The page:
35.3 F
Friday, January 15, 2021

How NYC is trying to prevent diabetes

More by this author

Unemployment extensions expire

Today marks the expiration of the five federally funded extensions of unemployment (EEUC and EB). Approximately 90,000 Hoosiers are currently receiving federally funded extended...

Ground broken for Super Bowl eastside initiatives

Officials from the 2012 Indianapolis Super Bowl Host Committee and other organizations broke ground recently on the Chase Near Eastside Legacy Center and Indianapolis...

Setting the Record Straight: What the Parking Lease Proposal Says

Reason Foundation’s Leonard Gilroy recently issued a response to U.S. PIRG’s analysis of the Indianapolis parking privatization proposal which selectively misreads the contract before...

GE creating up to 200 new jobs

General Electric Co. and the Indiana Economic Development Corporation (IEDC) said recently that GE plans to establish a new center of excellence in Bloomington,...

The New York health officials say they are working to address diabetes and obesity among residents through a variety of initiatives.

“Diabetes is the fifth leading cause of death in New York City and it contributes to other leading causes of death,” Department of Health and Mental Hygiene Commissioner Dr. Thomas Farley said in a statement. “The consequences of uncontrolled diabetes are devastating, and can result in heart attack, stroke, kidney failure, blindness, nerve damage and amputations. New Yorkers at risk of diabetes should get screened for the disease. And people living with diabetes can work with their doctors to keep it under control.”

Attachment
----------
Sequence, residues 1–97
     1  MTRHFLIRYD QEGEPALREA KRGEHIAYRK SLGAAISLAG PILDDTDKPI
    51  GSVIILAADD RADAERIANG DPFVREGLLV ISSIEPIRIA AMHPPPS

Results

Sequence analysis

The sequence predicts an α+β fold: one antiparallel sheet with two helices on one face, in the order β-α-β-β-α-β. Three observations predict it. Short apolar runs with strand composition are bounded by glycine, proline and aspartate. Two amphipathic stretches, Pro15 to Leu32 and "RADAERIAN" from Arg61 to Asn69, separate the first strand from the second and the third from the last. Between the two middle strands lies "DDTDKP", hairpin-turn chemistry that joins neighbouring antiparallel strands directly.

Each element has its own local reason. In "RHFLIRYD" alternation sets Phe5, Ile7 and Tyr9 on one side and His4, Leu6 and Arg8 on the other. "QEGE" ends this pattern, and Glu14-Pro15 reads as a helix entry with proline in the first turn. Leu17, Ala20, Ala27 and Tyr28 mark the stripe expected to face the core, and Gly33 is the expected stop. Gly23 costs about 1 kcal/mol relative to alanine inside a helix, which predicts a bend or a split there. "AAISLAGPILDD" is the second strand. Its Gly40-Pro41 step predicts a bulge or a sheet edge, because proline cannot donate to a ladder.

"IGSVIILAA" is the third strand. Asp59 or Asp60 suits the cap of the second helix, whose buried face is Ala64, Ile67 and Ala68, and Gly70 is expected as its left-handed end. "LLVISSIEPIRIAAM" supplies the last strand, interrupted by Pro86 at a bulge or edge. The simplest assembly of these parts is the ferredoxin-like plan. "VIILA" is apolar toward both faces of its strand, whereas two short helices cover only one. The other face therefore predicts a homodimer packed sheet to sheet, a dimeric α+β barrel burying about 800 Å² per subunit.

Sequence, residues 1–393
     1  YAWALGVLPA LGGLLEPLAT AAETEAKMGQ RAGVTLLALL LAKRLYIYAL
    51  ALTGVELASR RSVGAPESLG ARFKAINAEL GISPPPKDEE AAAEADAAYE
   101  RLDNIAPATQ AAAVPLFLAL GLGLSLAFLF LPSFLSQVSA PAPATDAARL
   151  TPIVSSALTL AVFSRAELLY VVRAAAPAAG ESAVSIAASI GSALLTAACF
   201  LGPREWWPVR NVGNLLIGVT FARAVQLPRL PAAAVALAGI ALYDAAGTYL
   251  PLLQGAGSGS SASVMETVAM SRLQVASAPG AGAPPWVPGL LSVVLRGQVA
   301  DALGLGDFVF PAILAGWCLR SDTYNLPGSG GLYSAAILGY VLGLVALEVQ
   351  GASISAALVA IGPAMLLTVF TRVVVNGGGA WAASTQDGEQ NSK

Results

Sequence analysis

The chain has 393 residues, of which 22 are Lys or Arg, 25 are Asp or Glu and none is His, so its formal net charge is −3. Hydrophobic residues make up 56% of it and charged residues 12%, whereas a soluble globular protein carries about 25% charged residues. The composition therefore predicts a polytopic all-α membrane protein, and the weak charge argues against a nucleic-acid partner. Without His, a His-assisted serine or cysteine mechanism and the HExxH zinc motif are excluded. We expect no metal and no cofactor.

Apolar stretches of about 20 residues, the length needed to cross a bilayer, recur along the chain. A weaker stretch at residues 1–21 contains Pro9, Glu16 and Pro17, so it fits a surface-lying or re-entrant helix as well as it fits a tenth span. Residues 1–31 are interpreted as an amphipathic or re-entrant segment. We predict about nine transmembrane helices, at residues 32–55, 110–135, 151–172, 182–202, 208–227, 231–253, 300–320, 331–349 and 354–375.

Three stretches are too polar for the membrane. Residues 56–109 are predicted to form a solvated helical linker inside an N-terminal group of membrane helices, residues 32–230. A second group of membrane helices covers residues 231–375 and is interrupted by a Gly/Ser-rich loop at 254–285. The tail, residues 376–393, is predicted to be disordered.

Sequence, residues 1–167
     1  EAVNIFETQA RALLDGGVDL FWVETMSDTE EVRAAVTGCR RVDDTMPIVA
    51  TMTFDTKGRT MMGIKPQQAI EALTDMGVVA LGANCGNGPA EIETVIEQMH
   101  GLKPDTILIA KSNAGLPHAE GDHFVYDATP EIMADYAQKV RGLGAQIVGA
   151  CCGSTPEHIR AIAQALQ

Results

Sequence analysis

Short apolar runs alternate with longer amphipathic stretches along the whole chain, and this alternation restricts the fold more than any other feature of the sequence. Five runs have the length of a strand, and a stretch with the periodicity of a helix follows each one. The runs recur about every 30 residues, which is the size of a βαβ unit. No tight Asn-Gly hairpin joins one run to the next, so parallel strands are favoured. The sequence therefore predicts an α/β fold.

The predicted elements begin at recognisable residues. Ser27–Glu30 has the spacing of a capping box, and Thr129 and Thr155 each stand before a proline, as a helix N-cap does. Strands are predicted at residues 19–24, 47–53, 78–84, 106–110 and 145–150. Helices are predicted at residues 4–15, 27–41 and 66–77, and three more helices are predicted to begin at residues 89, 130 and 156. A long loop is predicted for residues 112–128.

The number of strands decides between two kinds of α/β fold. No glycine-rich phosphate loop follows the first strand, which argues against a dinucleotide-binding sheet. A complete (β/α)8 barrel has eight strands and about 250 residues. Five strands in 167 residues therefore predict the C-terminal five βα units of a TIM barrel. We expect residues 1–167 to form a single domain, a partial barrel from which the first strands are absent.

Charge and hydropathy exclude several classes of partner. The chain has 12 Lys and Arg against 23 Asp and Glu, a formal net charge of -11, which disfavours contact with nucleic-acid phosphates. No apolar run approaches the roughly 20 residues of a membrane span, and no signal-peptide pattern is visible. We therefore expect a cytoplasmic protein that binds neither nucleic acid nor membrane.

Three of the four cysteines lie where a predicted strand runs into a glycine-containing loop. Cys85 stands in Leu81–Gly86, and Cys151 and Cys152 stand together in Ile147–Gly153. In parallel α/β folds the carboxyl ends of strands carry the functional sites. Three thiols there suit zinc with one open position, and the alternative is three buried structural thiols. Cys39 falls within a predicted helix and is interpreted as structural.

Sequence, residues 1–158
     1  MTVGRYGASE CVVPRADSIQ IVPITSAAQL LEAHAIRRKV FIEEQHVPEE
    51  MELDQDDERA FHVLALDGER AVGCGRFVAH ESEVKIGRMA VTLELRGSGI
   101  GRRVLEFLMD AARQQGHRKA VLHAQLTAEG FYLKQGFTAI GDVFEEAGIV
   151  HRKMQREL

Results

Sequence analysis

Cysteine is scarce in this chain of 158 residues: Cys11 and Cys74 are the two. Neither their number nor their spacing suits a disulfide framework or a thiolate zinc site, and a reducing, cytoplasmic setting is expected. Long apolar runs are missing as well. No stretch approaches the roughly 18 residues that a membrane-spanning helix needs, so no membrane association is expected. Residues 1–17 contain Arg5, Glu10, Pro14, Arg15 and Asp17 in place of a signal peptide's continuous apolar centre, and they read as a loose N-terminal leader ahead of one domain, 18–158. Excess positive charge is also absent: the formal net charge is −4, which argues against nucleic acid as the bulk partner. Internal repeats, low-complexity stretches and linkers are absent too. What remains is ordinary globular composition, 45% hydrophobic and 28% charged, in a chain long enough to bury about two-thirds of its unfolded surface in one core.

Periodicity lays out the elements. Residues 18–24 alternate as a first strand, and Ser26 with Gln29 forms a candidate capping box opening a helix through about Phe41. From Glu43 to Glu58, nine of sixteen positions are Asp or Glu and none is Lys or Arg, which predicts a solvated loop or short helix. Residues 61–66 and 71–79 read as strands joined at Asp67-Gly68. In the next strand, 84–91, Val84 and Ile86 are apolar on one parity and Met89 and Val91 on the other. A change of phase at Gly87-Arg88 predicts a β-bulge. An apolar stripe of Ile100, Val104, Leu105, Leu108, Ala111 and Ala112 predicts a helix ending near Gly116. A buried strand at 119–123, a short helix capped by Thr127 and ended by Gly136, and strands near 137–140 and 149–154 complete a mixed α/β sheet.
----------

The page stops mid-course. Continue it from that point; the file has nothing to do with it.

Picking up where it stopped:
Key initiatives in the past year include requiring chain restaurants to post calorie counts, maintaining a citywide registry of blood sugar readings to help physicians improve diabetes care and expanding access to fresh fruits and vegetables in underserved neighborhoods.

For those wanting to prevent diabetes, city health officials advise to:

– Avoid sugar-sweetened beverages.

– Do at least 30 minutes of moderate physical activity on most or all days of the week.

– Maintain a healthy weight, but even modest weight loss can help prevent diabetes.

– Get screened regularly for obesity, blood pressure and depression.

– Routinely monitor blood sugar levels, blood pressure and cholesterol.

– Don’t smoke.

© 2009 UPI. Displayed by permission. All rights reserved.

- Advertisement -

Upcoming Online Townhalls

- Advertisement -

Subscribe to our newsletter

To be updated with all the latest local news.

Stay connected


Related articles

Popular articles

It’s on you, white America

The insurrection at the Capitol is as American as apple pie. I know many in white America have a...

Carson targeted in Capitol terrorist attack

Rep. André Carson was targeted during the attack on the Capitol Jan. 6. A note written by terrorist Lonnie Coffman that categorized...

Dennis Murphy: Our path forward: Ensuring trust, equity in health care

The COVID-19 pandemic has laid bare persistent, systemic racial disparities in communities across the United States, including the lasting effect of inequality...

App will allow people to track interactions with police

Two Central Indiana entrepreneurs want to make it easier for people to document negative interactions with police and give civic organizations the...

Amid the pandemic, more Black families on the brink of homelessness

Three times a week, an Uber ride on Indianapolis’ east side helps to save the life of bright-eyed, 11-year-old Jay’Shawn Roberson.
Español + Translate »
Skip to content